Wednesday, May 09, 2007

California's Secret death chamber is subject of hearing

The San Mateo County Times reported today that:

SACRAMENTO — A contrite James Tilton, head of the California prison system, apologized to lawmakers Tuesday for them being kept in the dark about the construction of a new death chamber at San Quentin Prison.

Tilton, who said his own staff also failed to inform him, pledged to improve the management structure within the California Department of Corrections and Rehabilitation and implement better checks and balances on construction projects.

"I apologize for this project," Tilton told the Senate Public Safety Committee. "This was one of those issues that should have been communicated to the Legislature."

The informational hearing was ordered by committee chairwoman Gloria Romero, D-Los Angeles, nearly a month after she and other legislators learned that prison officials had "secretly" ordered construction at a cost just below the threshold that would require notifying lawmakers.

Gov. Arnold Schwarzenegger ordered the project halted April 20, shortly after he learned of the construction.

But one of Tilton's deputies, Bud Prunty, said that Schwarzenegger aides were briefed on the project early on, leading Romero to conclude "that this goes much higher up." She said the committee will later "discuss at what point it's appropriate to go that far."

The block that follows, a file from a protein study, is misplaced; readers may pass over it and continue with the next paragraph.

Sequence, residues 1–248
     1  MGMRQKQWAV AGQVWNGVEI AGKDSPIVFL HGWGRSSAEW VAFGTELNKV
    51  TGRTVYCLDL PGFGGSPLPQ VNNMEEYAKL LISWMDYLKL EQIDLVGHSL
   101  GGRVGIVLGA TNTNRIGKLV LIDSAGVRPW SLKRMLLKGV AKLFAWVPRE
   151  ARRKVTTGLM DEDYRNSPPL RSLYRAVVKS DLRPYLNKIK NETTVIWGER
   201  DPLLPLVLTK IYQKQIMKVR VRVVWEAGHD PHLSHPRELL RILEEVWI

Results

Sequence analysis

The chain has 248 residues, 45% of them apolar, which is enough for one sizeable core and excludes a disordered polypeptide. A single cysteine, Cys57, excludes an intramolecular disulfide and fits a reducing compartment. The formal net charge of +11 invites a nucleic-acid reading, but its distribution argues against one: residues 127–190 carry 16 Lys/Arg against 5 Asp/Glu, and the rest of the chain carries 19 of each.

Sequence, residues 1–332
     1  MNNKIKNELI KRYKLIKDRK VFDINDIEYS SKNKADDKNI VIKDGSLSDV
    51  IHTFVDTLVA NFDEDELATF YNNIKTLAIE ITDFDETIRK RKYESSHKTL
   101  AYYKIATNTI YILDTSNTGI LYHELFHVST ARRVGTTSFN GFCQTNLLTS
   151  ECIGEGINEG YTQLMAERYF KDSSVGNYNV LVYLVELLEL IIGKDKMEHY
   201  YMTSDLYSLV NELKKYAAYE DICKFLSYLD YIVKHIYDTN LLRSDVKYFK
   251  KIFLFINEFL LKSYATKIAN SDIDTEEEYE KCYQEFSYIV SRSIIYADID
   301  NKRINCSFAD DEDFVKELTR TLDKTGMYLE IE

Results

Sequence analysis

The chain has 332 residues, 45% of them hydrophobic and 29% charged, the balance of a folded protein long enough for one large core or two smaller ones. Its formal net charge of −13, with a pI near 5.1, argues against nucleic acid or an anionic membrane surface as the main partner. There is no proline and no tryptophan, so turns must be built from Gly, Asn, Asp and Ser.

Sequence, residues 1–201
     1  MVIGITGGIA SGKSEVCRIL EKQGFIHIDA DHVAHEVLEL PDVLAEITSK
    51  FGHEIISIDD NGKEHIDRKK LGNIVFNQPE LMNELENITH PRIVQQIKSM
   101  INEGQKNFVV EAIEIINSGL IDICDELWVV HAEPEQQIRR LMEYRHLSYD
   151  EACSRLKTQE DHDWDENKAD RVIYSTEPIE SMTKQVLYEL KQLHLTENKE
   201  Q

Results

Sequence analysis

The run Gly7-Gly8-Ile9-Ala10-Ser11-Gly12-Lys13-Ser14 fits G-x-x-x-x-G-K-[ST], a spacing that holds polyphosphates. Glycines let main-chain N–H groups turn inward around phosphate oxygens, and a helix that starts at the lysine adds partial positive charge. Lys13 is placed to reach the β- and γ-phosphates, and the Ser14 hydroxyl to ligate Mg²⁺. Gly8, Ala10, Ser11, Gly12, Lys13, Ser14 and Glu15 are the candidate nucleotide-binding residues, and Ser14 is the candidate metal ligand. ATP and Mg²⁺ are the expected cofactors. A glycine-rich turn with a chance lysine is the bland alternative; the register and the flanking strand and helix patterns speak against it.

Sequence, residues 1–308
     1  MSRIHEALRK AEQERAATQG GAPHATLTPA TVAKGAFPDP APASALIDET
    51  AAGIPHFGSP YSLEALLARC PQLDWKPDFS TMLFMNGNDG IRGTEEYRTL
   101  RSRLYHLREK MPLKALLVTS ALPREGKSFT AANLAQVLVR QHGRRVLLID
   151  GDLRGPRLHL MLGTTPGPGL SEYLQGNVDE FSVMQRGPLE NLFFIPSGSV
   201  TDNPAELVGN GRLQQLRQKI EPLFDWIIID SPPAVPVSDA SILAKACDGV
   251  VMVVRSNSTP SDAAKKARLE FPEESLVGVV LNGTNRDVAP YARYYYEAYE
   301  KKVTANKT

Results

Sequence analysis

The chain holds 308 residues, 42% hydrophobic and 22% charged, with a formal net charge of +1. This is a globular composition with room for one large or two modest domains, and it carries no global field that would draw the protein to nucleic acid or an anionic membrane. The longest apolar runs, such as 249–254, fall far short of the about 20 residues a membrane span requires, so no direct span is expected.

The Schwarzenegger administration and prison officials have said the new chamber was being built in response to a December ruling by San Jose-based U.S. District Judge Jeremy Fogel, who deemed the existing chamber unconstitutional because it was small, poorly lighted and inadequate for use in lethal injections.

Fogel ordered executions be halted. But as several officials and a law professor acknowledged at the hearing, the court ruling never ordered that a new chamber be built.

"There was a misrepresentation," Romero said, "and that's a polite word I'm using, of the judge's order."

Tilton was aware that a new chamber was in San Quentin's future plans, but said he didn't know construction had begun until after it had become public. "There were miscommunications about this project within the department," he said.

Sen. Mike Machado, D-Stockton, expressed doubts about how the prison system's administration, with its damaged credibility, will manage the $7.4 billion prison reform package Schwarzenegger signed into law last week.

"I think it's somewhat inexcusable," Machado said, "for individuals to be taking discretionary action that tends to flaunt the oversight of the Legislature, the transparency to the Legislature."

The complete story may be found here:


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